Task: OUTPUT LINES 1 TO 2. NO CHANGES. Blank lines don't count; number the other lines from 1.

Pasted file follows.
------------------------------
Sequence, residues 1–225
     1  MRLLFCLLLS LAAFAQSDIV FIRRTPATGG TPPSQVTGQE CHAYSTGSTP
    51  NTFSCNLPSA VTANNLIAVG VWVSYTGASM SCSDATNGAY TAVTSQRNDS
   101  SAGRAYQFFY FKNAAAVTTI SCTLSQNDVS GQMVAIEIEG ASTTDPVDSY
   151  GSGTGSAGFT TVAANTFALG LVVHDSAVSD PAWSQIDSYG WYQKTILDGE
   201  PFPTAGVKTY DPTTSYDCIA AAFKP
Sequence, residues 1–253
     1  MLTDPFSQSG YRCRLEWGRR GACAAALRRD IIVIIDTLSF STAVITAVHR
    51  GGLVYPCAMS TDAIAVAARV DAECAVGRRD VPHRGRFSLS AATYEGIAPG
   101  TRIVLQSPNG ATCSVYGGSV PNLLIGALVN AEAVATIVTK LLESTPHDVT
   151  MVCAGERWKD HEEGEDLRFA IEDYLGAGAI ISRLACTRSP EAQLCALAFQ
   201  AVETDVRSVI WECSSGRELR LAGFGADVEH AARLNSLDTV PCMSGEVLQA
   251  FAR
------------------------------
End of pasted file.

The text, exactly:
Sequence, residues 1–225
     1  MRLLFCLLLS LAAFAQSDIV FIRRTPATGG TPPSQVTGQE CHAYSTGSTP